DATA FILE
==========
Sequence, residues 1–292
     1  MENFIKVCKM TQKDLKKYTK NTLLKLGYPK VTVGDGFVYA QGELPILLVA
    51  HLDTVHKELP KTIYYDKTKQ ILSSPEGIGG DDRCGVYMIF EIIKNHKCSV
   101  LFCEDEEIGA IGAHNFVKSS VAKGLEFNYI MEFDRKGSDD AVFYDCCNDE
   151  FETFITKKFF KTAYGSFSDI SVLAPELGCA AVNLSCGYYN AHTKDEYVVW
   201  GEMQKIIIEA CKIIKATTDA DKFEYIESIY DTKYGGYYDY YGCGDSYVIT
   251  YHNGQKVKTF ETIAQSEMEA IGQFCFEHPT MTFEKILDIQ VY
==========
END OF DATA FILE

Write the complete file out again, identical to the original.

Sequence, residues 1–292
     1  MENFIKVCKM TQKDLKKYTK NTLLKLGYPK VTVGDGFVYA QGELPILLVA
    51  HLDTVHKELP KTIYYDKTKQ ILSSPEGIGG DDRCGVYMIF EIIKNHKCSV
   101  LFCEDEEIGA IGAHNFVKSS VAKGLEFNYI MEFDRKGSDD AVFYDCCNDE
   151  FETFITKKFF KTAYGSFSDI SVLAPELGCA AVNLSCGYYN AHTKDEYVVW
   201  GEMQKIIIEA CKIIKATTDA DKFEYIESIY DTKYGGYYDY YGCGDSYVIT
   251  YHNGQKVKTF ETIAQSEMEA IGQFCFEHPT MTFEKILDIQ VY